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05 April, 2020
 
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Parliament urges international community to recognise Armenian genocide

Cypriot MPs have declared April 24 as the National Day of Commemorating the Armenian genocide since 1990

Newsroom / CNA

Cyprus' parliament on Friday called on the international community to recognise and condemn the Armenian genocide.

Addressing the plenary before its legislative work, House of Representatives speaker Demetris Syllouris marked the anniversary of April 24.

He said: "Turkey continues to be provocative, describing the murder of one and a half million Armenians as displacement and continues without remorse a policy of ethnic minority cleansing with its criminal actions against the Kurds in Syria."

Cypriot MPs have declared April 24 as the National Day of Commemorating the Armenian genocide since 1990 and have passed relevant resolutions to that effect.

"We would like to once more condemn Turkey`s policy of ethnic cleansing"

"We would like to once more condemn Turkey`s policy of ethnic cleansing and to express our full support to our friends, the people of Armenia as well as to reiterate once more our call to the international community to globally recognise and condemn the Armenian genocide," said Syllouris.

Armenian Representative to the House Vartkes Mahtesian said: "It is indeed inconceivable that civilised states, which appear as protectors of human rights and of democracy, continue to give in to the pressure exerted by Turkey, who takes advantage of its geostrategic position and its purchasing power, deterring them from recognising the Armenian genocide."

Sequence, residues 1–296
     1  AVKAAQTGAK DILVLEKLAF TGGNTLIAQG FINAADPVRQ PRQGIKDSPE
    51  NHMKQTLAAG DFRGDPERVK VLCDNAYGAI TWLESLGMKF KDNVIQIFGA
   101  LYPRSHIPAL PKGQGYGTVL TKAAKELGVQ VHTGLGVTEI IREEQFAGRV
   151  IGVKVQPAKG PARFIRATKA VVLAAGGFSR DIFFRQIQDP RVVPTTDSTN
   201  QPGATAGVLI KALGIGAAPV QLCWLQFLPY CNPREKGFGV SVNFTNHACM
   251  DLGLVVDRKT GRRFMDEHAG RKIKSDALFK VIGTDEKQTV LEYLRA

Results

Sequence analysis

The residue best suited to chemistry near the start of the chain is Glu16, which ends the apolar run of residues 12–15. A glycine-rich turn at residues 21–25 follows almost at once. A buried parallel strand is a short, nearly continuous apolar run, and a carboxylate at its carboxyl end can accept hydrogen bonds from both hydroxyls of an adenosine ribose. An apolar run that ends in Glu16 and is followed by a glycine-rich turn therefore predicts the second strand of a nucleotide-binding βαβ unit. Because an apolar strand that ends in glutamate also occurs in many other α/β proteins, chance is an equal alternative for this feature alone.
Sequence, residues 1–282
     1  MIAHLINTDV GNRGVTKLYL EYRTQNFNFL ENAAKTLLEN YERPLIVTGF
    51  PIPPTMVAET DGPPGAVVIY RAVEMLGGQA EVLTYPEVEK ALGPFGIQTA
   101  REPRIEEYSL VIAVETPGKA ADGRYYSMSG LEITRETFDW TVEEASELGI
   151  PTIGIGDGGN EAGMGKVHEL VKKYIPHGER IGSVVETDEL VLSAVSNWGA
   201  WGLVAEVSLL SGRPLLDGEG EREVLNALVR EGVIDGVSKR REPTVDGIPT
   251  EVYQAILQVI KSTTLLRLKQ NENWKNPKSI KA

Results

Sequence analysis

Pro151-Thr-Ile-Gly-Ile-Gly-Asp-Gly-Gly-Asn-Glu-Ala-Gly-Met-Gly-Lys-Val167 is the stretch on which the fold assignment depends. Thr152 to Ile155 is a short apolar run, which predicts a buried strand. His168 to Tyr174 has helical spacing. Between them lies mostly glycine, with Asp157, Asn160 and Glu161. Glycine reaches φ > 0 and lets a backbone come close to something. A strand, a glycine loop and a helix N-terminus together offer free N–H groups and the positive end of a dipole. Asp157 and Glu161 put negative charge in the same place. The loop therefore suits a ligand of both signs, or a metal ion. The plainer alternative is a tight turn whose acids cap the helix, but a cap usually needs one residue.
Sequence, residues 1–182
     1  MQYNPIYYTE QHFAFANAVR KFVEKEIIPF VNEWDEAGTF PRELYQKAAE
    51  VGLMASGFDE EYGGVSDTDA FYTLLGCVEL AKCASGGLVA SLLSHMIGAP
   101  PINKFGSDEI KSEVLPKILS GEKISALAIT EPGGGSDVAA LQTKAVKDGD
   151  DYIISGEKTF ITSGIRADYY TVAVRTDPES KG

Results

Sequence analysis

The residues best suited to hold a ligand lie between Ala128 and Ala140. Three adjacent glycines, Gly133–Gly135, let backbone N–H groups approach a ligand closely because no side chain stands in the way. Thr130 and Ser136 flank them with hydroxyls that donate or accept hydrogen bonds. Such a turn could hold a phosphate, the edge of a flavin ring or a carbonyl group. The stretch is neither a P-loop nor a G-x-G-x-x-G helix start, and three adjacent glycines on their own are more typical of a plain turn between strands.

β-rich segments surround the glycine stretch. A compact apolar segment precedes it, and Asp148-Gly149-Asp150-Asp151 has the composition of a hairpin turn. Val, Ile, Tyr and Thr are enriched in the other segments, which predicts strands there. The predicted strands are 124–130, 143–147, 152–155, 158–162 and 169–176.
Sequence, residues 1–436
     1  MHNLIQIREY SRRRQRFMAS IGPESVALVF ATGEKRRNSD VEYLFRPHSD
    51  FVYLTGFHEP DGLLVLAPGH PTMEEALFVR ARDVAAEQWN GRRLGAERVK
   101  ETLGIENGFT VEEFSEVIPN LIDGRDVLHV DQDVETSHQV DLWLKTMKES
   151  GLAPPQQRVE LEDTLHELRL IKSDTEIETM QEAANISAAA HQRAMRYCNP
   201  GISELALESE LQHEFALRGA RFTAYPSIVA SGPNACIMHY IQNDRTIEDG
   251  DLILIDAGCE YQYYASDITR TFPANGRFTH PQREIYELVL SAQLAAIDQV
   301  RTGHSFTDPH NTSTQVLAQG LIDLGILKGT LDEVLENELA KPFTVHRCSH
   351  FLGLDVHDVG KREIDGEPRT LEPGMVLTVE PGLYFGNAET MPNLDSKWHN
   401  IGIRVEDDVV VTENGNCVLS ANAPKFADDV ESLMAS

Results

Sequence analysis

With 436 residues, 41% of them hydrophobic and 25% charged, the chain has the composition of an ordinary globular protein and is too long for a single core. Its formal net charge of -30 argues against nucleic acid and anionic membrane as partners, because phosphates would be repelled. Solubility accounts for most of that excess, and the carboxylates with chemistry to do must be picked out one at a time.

He described the Armenian genocide as "a tragedy which shook the civilised world at the time and which has caused the deepest wounds in the history of the Armenian nation."

According to Mahtesian, between 1915 and 1923 more than 1.5 million innocent Armenians suffered torture, were put to death, slaughtered or forced to walk to their death in the inhospitable Deir ez-Zor desert, while more than 800,000 Armenians became refugees and had to flee to many different parts of the world, shaping the Armenian Diaspora as it is known today.

Turkey — the Ottoman Empire’s successor state — argues that it was a collective tragedy in which equal numbers of Turks and Armenians died.

Ankara vehemently rejects the term “genocide,” saying up to 500,000 died when Armenians rose up and sided with invading Russian troops in World War I.

So far, parliaments in more than 20 countries, including Germany, have voted for laws or resolutions explicitly recognizing the Armenian genocide.

 

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Cyprus  |  Armenia  |  Turkey  |  genocide

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